An ASEAN-style forum for Pacific island nations?
Australia, New Zealand, and the United States should help create an ASEAN-style forum for Pacific island nations to discuss security and manage geopolitical challenges, according to a new report from the Australian Strategic Policy Institute.
The report, Smooth sailing? How Australia, New Zealand and the United States partner in – and with – the Pacific Islands, by Joanne Wallis and Anna Powles was released earlier this month.
The call for a dialogue, modelled on the ASEAN regional forum, is one of several recommendations to improve security partnerships and coordination in the region, reducing the risk that the three countries trip over one another and lose sight of the Pacific’s own priorities as they deepen their Pacific ties out of strategic necessity amid China’s growing interest.
“Importantly, Australia, New Zealand and the US should avoid competing with one another and instead cooperate more closely to pool their collective strengths,” the report states.
While focusing on those three countries, the report stresses that wider partnerships should be considered, including with France, India, Japan, South Korea, the United Kingdom and European Union.
It states that the three countries will have to get used to greater Chinese involvement in the Pacific, even if they don’t accept it, much less like it.
To manage such challenges, a Pacific version of the ASEAN regional forum would help island nations “to manage great powers and other partners…and retain a sense of strategic autonomy”, as it currently does for Southeast Asian nations.
This would be a way for Australia, New Zealand and the US to help the Pacific Island Forum “to respond to geopolitical challenges, manage their strategic relationships and pursue their security agendas with partners”.
While Australia and New Zealand have long been deeply involved in the Pacific, the increasing attention from Washington is shifting the status quo, leading to a danger that without astute co-ordination, the “partnerships might not be smooth sailing”.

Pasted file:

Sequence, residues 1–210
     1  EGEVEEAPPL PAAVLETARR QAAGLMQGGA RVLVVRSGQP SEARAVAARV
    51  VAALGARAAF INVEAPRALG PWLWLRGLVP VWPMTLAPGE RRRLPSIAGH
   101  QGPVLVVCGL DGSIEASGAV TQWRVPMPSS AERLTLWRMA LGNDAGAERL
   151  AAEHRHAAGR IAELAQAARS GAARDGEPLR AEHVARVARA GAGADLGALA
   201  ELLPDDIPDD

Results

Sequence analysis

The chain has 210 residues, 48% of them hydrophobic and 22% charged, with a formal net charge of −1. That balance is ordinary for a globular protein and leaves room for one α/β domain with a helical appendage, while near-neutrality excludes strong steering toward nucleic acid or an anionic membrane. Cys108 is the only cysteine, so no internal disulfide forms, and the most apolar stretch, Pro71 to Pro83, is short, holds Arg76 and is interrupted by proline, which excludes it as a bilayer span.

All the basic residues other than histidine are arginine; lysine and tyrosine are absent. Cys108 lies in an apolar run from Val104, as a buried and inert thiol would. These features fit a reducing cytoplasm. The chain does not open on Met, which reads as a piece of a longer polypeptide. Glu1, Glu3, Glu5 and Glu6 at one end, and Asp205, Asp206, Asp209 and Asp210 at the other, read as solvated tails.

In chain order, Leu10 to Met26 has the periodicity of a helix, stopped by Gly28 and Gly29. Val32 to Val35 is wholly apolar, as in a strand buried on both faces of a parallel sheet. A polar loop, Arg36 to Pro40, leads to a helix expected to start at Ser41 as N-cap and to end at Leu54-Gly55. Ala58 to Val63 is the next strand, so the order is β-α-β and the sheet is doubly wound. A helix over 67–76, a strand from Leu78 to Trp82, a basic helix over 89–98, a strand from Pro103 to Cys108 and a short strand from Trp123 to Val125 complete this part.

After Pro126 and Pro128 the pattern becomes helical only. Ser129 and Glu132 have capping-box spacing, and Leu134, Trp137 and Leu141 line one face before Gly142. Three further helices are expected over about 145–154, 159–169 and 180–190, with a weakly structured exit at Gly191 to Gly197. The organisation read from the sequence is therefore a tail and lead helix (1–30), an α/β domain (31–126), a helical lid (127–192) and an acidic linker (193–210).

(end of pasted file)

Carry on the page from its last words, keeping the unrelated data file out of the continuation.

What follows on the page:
In recent years, the report states, the Pacific island countries (PICs) have put greater emphasis on their own sovereignty and agency and, while Australia, New Zealand and the US recognise this rhetorically, “how that plays out in practice is less clear – and current indications aren’t entirely promising”.
The three nations will need to think carefully about how they balance their values and interests, for example, when it comes to speaking out about democratic backsliding in the Pacific. Muted responses to the Papua New Guinea government’s slowness in acting on the Bougainville independence referendum could test how Australia “balances its interests and its values”.
Pacific nations’ own defence forces should be invited to take part more in regional groupings of larger nations. For example, the so-called “Pacific Quad” of Australia, France, New Zealand and the US, which focusses on maritime surveillance, is underused and should be expanded to include Pacific defence and security agencies.
“This would require intelligence-sharing and would be a valuable demonstration of trust in the PICs – since, to earn trust, partners must trust each other in return,” the report states.
Pacific leaders should also be invited to participate in leaders meetings on the sidelines of the Quad meetings between Australia, India, Japan and the US. And the FRANZ grouping of France, Australia and New Zealand should be expanded to include Pacific defence forces in humanitarian and disaster relief activities.
The establishment of an ASEAN-style security forum could be done by expanding the existing Forum Dialogue Partners, rather than creating a new body, noting the risk of fatigue among Pacific leaders with the existing number of regional groupings.
The report notes that the US and China’s attention on the Pacific “illustrates their growing recognition of its strategic importance in the highly contested Indo-Pacific”.
Whatever misgivings Australia, New Zealand, and the US have about Chinese involvement in areas such as HADR, they will need to accept better co-ordination with Beijing as the regularity and severity of natural disasters continues to rise, it states.
“That could raise serious co-ordination challenges, with potentially adverse consequences for the host PIC and for the personnel delivering assistance. Australia, New Zealand and the US do need to consider how they’ll work alongside China in response to the inevitable next disaster.”
While China might not want to co-operate, an effort by Australia, New Zealand and the US would be well-received by Pacific capitals, which don’t like being forced to “choose sides”.
Click here to read the report.